The views expressed in our content reflect individual perspectives and do not represent the official views of the Baha'i Faith.
It’s easy to see the world as a broken place, and ourselves as hopelessly separated from each other. The media and often our personal conversations focus on the many complex divisions among us.
How might we instead focus on the connections we can make, and the personal and societal benefits we will reap from forming closer associations with each other?
In 2011, the United Nations declared July 30 the International Day of Friendship. That upcoming day offers an opportunity for organizations and individuals to promote friendship as a path to peace.
The U.N.’s website page about this special day says:
Our world faces many challenges, crises and forces of division — such as poverty, violence, and human rights abuses … that undermine peace, security, development and social harmony among the world’s peoples.
To confront those crises and challenges, their root causes must be addressed by promoting and defending a shared spirit of human solidarity that takes many forms — the simplest of which is friendship.
Through friendship … we can contribute to the fundamental shifts that are urgently needed to achieve lasting stability, weave a safety net that will protect us all, and generate passion for a better world where all are united for the greater good.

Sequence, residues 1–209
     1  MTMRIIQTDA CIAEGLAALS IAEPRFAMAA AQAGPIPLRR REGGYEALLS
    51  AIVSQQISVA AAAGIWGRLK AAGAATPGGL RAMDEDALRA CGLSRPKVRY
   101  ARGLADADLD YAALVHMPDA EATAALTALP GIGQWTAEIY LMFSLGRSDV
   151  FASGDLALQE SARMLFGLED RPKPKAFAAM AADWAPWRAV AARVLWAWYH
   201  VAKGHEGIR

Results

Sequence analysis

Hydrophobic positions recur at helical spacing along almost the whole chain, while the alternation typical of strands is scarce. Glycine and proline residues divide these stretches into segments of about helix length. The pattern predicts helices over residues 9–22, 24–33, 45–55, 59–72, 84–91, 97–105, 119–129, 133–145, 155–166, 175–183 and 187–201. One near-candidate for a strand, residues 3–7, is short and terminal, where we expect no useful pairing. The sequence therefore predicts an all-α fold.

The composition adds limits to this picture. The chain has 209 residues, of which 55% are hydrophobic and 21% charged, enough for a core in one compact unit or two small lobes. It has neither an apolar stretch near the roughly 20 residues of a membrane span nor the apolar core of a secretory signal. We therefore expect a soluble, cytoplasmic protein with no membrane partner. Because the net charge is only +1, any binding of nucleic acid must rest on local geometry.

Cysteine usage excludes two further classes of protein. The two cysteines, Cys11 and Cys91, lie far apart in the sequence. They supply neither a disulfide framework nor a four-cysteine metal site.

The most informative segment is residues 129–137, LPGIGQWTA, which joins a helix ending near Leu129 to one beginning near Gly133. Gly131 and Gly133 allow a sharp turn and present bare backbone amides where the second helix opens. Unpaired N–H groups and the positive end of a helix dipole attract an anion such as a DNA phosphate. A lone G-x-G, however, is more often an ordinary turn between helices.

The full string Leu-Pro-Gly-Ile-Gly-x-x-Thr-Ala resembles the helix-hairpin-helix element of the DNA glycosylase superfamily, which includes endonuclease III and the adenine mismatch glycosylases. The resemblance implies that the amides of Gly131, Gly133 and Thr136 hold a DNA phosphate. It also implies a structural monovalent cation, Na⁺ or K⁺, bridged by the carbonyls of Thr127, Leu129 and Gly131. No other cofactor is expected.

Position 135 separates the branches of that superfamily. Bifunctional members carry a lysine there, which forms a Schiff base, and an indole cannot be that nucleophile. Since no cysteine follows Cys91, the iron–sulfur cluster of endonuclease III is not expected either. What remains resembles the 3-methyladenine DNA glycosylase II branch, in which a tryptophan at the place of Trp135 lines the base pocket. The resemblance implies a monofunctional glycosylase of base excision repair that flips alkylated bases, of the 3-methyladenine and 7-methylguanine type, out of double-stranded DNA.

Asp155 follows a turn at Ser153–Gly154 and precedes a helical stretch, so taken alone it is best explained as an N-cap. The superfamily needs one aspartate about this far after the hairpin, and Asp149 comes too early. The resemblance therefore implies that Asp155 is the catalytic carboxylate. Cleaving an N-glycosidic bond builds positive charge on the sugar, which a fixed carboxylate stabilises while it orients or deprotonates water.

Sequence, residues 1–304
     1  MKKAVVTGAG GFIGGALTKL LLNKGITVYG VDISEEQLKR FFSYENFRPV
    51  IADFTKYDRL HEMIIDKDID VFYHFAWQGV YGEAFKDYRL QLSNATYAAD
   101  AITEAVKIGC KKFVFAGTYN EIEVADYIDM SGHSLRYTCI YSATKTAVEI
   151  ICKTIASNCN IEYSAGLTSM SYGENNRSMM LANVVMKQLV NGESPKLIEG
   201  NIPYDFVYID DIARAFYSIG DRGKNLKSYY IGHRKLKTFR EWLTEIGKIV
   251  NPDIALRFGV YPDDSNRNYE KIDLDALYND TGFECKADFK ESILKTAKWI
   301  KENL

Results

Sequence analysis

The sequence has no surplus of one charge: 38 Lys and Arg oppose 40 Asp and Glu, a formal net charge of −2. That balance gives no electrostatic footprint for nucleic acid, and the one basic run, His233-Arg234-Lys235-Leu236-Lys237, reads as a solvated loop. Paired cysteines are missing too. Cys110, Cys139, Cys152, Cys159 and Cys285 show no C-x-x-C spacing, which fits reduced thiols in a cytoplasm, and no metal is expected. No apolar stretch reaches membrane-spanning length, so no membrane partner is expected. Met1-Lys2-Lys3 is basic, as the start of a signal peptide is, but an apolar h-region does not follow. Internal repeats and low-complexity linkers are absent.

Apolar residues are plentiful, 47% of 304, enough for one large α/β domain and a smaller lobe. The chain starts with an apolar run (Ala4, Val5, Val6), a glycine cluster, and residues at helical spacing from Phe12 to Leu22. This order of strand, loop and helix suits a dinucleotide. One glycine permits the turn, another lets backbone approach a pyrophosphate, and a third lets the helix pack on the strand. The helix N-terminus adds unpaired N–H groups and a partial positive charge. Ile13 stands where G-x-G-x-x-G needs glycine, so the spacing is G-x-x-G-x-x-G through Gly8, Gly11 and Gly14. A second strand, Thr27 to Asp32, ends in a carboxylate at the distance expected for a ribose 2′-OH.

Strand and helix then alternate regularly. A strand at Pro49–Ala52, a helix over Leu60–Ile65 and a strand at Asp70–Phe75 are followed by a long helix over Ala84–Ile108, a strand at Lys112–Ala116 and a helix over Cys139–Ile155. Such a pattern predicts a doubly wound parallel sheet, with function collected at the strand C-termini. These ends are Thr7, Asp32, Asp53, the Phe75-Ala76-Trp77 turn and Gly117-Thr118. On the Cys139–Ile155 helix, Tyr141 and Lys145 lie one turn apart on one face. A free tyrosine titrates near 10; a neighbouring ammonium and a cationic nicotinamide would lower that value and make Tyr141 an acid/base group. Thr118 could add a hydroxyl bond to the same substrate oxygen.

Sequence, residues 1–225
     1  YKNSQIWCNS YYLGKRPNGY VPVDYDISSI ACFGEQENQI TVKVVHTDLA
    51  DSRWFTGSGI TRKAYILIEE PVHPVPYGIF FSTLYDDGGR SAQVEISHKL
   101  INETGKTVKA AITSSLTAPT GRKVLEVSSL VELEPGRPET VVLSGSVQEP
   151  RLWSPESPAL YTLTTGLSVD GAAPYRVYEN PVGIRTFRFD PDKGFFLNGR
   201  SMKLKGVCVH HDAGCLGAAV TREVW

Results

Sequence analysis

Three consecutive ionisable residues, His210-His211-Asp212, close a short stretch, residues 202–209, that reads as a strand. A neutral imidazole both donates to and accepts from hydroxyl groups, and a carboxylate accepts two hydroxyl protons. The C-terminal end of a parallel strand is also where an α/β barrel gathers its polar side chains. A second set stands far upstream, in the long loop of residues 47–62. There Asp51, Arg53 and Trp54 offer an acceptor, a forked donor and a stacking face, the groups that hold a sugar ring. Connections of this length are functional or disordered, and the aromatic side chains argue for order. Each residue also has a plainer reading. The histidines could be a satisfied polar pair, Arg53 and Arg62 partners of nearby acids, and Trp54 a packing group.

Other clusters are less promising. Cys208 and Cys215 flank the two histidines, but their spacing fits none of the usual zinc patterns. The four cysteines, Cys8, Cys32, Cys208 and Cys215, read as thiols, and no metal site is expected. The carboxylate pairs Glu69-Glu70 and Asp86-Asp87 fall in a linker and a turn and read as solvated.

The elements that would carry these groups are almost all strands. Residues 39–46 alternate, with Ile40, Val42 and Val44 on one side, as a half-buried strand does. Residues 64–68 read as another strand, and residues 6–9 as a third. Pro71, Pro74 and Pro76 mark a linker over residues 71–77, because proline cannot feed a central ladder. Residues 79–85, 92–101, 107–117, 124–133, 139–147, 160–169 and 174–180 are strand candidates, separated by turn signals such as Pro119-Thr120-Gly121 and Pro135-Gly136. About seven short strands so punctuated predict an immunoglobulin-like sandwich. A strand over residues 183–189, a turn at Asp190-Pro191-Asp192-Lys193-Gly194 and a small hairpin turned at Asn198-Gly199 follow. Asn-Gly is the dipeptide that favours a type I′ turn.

What do we get from our friendships? Perhaps we talk about or do things together that we enjoy. We share our happy news and celebrations. Our friends are there for us in our darkest moments, with listening ears and compassionate hearts. They offer assistance, advice if we ask for it, and the benefit of their own experiences. Clearly, friendship has multiple and mutual personal benefits.
The Baha’i teachings offer a comprehensive view of friendship that goes beyond our individual benefit, saying that the unity of the human race represents an essential part of God’s plan for us. Our individual actions, when they come from a true desire to connect hearts and build unity, have both immediate and far-reaching effects.
As a Baha’i, I have come to believe that few activities are more important in our collective life than the simple actions of friendship, which we can carry out with each person in our lives.